Tag: certificate of need

Obscure State Laws Hurt Patients, Make Hospitals Worse

By Christopher Koopman and Thomas Stratmann Comparing states with and without certificate-of-need laws provides us with a unique window into how providers would react in a world without CON laws: When providers have to compete for patients, the level of care increases. Individual doctors, nurses and health care administrators are doing their best, but on the macro level, the basic laws of economics still apply to their industry.  More than five decades have passed since New York state first enacted something called a certificate-of-need law (CON) in an effort to curb rising health care costs. Such laws, now enforced in 35 states and the District of Columbia, require providers to first seek permission from their state’s government before opening a… View Article

Friday Facts: July 8, 2016

It’s Friday!  Then and Now: In 1991, when the Georgia Public Policy Foundation was established, the Legislature approved a constitutional amendment designating lottery funds for education purposes. Voters ratified it in 1992 and the lottery began in 1993. Over the years, the Georgia Lottery Corp. reports generating more than $17.4 billion for education. Tonight’s Mega Millions jackpot is $540 million; the pot has rolled over since March. Guide to the Issues 2016: Find out what the Foundation proposes on issues such as transportation, health care, education, taxes and more. Currently available online, each chapter includes principles for reform, facts on the issue, background information and, in most cases, positive solutions to the challenges facing Georgia.  Quotes of Note View Article

Checking Up On Health: May 3, 2016

Health Care News and Views Compiled by Benita M. Dodd Late last year, I visited a friend who had fractured her leg and was wheelchair-bound, recovering after surgery in a rehabilitation center in Atlanta. By the time I’d circled the parking lot twice and resorted to parking on the street, I was already unimpressed. The reception desk was unstaffed, the sign-in sheet on a clipboard. I got into a small, slow elevator in the four-story building and walked a cramped hallway to her drab room.   I’m sure the staff was nice and professional, but I wondered how the facility’s four stories would be evacuated in any emergency. It occurred to me that opportunities for attractive post-operative recovery and long-term rehabilitation… View Article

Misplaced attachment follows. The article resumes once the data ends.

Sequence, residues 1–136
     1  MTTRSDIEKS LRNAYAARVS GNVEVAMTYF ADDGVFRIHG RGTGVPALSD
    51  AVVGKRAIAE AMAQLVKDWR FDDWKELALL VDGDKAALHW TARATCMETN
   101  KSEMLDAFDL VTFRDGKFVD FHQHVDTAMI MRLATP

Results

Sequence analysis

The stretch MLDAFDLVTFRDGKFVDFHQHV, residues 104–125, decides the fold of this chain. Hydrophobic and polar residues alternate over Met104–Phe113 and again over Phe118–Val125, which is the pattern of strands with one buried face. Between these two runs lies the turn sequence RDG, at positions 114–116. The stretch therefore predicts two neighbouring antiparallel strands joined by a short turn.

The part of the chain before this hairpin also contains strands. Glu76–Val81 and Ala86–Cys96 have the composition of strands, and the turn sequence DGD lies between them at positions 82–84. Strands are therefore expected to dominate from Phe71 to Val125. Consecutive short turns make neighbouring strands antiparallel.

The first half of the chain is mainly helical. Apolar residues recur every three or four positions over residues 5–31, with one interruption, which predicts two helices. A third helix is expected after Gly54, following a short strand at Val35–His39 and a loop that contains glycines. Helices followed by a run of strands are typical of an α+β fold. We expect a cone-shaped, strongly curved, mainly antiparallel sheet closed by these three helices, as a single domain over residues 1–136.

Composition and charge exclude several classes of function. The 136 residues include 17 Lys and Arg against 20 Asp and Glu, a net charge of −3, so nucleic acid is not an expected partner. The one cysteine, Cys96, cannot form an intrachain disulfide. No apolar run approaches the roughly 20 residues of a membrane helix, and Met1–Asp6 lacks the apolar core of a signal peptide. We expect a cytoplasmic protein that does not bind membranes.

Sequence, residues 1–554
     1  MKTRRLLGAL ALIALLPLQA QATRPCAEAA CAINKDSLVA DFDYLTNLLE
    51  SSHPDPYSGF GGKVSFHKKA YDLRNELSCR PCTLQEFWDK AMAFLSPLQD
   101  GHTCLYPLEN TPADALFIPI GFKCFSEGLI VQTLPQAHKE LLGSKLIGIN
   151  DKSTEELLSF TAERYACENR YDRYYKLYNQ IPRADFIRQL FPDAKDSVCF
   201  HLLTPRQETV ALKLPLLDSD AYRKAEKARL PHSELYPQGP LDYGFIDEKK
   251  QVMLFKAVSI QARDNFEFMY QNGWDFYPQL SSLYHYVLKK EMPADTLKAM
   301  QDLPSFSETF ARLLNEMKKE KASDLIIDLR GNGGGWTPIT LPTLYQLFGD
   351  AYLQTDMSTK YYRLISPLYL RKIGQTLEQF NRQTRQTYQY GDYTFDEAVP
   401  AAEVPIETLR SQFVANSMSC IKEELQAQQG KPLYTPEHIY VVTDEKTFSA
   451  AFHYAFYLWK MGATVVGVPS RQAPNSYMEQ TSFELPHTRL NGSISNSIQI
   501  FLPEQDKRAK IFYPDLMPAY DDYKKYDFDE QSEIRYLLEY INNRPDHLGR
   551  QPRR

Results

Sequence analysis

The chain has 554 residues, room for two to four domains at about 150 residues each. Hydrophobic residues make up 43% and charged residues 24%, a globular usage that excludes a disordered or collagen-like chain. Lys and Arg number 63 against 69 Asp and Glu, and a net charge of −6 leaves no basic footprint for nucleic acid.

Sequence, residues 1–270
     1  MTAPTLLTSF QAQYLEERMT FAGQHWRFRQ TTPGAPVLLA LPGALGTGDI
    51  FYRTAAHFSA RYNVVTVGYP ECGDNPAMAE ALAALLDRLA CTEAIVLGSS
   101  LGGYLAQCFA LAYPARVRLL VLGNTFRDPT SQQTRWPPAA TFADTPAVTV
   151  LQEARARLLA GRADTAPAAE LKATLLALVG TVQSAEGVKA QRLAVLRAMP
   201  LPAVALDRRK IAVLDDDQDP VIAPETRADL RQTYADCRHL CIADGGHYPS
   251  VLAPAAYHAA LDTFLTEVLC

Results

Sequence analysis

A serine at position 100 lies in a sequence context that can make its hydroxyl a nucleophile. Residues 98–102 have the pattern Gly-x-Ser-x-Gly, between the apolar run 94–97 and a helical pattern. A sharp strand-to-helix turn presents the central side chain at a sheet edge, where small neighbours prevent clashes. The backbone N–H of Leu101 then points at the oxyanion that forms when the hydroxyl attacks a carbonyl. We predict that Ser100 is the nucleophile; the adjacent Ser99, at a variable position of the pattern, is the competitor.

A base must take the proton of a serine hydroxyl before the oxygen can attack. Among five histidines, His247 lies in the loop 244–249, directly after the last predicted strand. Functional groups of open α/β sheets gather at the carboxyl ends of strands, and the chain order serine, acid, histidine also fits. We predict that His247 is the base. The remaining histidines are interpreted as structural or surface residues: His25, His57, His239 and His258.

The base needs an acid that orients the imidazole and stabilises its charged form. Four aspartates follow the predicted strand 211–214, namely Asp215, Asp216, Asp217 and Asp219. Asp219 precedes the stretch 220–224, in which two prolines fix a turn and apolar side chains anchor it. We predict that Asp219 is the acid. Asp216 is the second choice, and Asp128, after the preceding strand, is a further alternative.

Friday Facts: July 10, 2015

It’s Friday! Events Join us in Savannah on July 29! The deadline is July 27 to register for the Georgia Public Policy Foundation’s annual Friedman Legacy for Freedom Day event, noon at Vic’s on the River in Savannah. This Policy Briefing Luncheon is keynoted by Dr. Ben Scafidi, Georgia’s foremost expert on education funding, and is sponsored by the Friedman Foundation and the Georgia Charter Schools Association. $30. Find out more and register here. October 15: Arthur Brooks, president of the American Enterprise Institute, who recently joined President Obama for a discussion on poverty, is the keynote speaker at the sixth annual Georgia Legislative Policy Forum. 7:30 a.m.-3:30 p.m., Thursday, October 15, at the Renaissance Waverly Atlanta. The… View Article

Friday Facts: April 3, 2015

It’s Friday! Quotes of Note “There is a rank due to the United States, among nations, which will be withheld, if not absolutely lost, by the reputation of weakness. If we desire to avoid insult, we must be able to repel it; if we desire to secure peace, one of the most powerful instruments of our rising prosperity, it must be known that we are at all times ready for war.” – George Washington “He who receives an idea from me, receives instruction himself without lessening mine; as he who lights his taper at mine, receives light without darkening me.” – Thomas Jefferson “Our freedom of choice in a competitive society rests on the fact that, if one person refuses… View Article

Checking Up On Health: March 31, 2015

Health Policy News and Views Compiled by Benita M. Dodd Buyer beware: A news article came across my desk this week alerting readers to a change by the nation’s largest health insurance company, Minnesota-based UnitedHealthcare. In what could become expensive for patients, the insurer is changing the way it handles balance billing, which is the difference between the provider’s charge and what the insurer allows. The cost-cutting measure means UnitedHealthcare will not pay the bills of some emergency room physicians and other specialists, even though they work for hospitals in the UnitedHealthcare network. I learned the importance of checking the network status of all physicians involved a couple of years ago when I underwent a routine, scheduled procedure. I… View Article

The Georgia Public Policy Foundation has forged over the years many positive changes in Georgia, in its nonpartisan but very specific way.

U.S. Senator Johnny Isakson more quotes